Readers – especially those with an interest in the history of prisons – might be interested to read this account of a visit to York in 1888 by my Great Aunt, Mabel Scott.
She kept a diary between 1887 and – though eventually rather fitfully – well into the Great War. After her death it was given to her brother Norman, a Norfolk clergyman, and on his death in 1955 it was found by his nephew, my own father Martin Scott who died in 2002.
I realise that reading other people’s family history can be about as exciting as clearing out their garden sheds in the rain, but bear with me. The extract below is fascinating.
If you actually are interested in knowing more about Mabel and her family – then my father wrote a short introduction to the diaries which I have reproduced below.
For the moment all you need to know is that in the autumn of 1888 Mabel – then a seventeen year old girl – and her family decided to stay in York for a fortnight. Her descriptions of the nineteenth century city are interesting enough if you know York (as I do), but they come alive with her visit to York Prison.
She is a little inaccurate on the sombre history of Clifford’s Tower, the oldest part of the castle and prison complex. The massacre of the Jews actually took place in 1190, during the reign of Richard I, not Richard II. But she is quite right that the Jews who sought refuge in the tower took the decision to kill themselves rather than face the inevitable torture and death at the hands of the mob that was besieging them. The leader of the mob was a monk, a religious fanatic of the sort that we are all too familiar with today. You can read more about the most shocking single episode in the history of British Jewry here.
Much of the prison was demolished in 1935. Some of what is left is now rather a good, though inevitably sanitised, museum, and part is still used as a Crown Court.
I don’t think the treadmill has survived. Once an essential accoutrement of any self-respecting prison, it was coming towards the end of its popularity – if that is the word – by the late nineteenth century. When originally invented by William Cubit in1818 treadmills were used to grind corn. However, in the case of the York Prison treadmill described by Mabel it seems more likely that it had no useful purpose whatever. The very pointlessness of the hard labour involved in treading it must have added considerably to the punishment, and they were in effect instruments of torture detested by prisoners. They could be required to tread the wretched thing day after day, and year after year, for 10 hours at a time, although as Mabel tells us they were allowed brief rests. No talking was permitted, and if you were caught doing so the punishment was to miss your next rest period. They were finally abolished in 1898.
Anyway, if you are still interested, here goes:
Nov 1st & 2nd
We left Harrogate in pouring rain. We were delighted to go, especially Aunt Alice.
York Station is said to be the finest in the world. It has a curve in it, as though it had been twisted. There are ever so many platforms & subways & the roof is rather nice – that is all I noticed.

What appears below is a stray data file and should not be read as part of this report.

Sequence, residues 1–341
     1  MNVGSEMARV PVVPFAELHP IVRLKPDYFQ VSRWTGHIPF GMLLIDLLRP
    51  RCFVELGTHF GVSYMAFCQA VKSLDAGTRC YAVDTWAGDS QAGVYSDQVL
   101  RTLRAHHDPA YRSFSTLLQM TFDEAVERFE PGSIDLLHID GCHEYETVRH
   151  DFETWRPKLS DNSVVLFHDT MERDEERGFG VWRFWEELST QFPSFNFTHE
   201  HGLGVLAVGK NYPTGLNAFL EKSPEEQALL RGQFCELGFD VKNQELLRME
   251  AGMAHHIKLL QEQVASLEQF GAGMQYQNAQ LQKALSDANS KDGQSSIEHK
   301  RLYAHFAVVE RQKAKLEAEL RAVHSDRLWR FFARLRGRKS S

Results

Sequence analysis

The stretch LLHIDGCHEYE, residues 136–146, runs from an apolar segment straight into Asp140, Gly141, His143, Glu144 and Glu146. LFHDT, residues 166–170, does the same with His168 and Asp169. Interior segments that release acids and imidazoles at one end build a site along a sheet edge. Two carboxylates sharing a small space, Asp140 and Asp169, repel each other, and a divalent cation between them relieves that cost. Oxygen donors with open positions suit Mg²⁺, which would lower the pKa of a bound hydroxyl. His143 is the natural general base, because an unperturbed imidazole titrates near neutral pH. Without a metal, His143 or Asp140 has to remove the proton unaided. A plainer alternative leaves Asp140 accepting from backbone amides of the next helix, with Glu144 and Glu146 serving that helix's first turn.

We walked down all the principal streets & had some lunch at a very nice “creamery” that belongs to Rowntree, the chocolate man.
We are staying in Blake Street. …
We explored the city all the afternoon & luckily it was quite fine. I know most of the principal streets now – Coney Street & Pavement, Fossgate, Spurriergate, Fishergate, Stonegate, Petersgate and so on. All are very old and narrow, some of the houses almost meet in the middle. It is very interesting place to find your way about in a new place only here you have to do your best to avoid the slums which are very bad.
We crossed Lendal Bridge over the river (the Ouse) but I had not time to notice much about it except that it is wide and flows slowly along. …
Nov 7th 1888
Yesterday we went all over York Castle. Mr Melrose’s order got us in: as a rule they do not admit any visitors, because it is a prison under Government. The Governor’s name is Shepherd. He lives in the castle yard & his poor little garden is only about as big as an ordinary room, & I am sure it never gets a glimpse of sunlight. He was out, in the prison & the housemaid took him the letter, while we waited in a nice little drawing room. Soon Mrs Shepherd came in. She was very nice and told us all about the prisons she had lived in: Clerkenwell, Newgate, etc.
Mother asked her if she was not frightened of something happening to her husband. She said:
“No, not as a rule, only once when they had some Fenians who used to put little coffins with threatening notes into the letter box.”
One of the officers, Heale by name, came to show us over.
We went first up Cliffords Tower, which was built by William the Conqueror. It is the only part of the castle that is in ruins the rest is comparatively speaking modern. We climbed up a winding staircase & there was a fine view as it was a beautiful day only so bitterly cold that we were glad to get down again. It was in this castle that the Jews killed each other rather than surrender to the people, in the time of Richard II.
We looked down the well into which they put the bodies of their murdered wives and children. It is very deep, sixty feet now & it used to be ninety. Some time ago people thought that there might be some remains at the bottom, because the Jews had all their treasures with them. They dug all round for a fortnight & then gave it up in despair, having only found a few dry bones. Poor Jews! I am so sorry for them!
After the tower we passed through two or three tremendously strong iron doors and down some melancholy court yards surrounded by high stone walls in which were tiny barred windows – the cells – & then into a large room where there about twenty convicts.
Most of them were working on the treadmill, a few were chopping wood. Mr Heale said they had to stay on for 15 minutes and then rest for 5.
They got off as though they were so tired. I suppose that is what is called hard labour.
From there we went into the kitchen where the dinner of soup with vegetables was being cooked. One man was ill & so was going to have stewed chop and a piece of white bread instead of the hunches of brown that were for the others.
There were convicts in the kitchen too, with an officer to watch them. One of them started up suddenly to take something out of the oven; Aunt Alice thought he was running for a knife to cut off her head, she said she was quite glad to get out of there.
The chapel has a pulpit carved by a cabinet maker prisoner, which is very well done. We went into several cells where prisoners were making mats, and into the padded room for lunatics.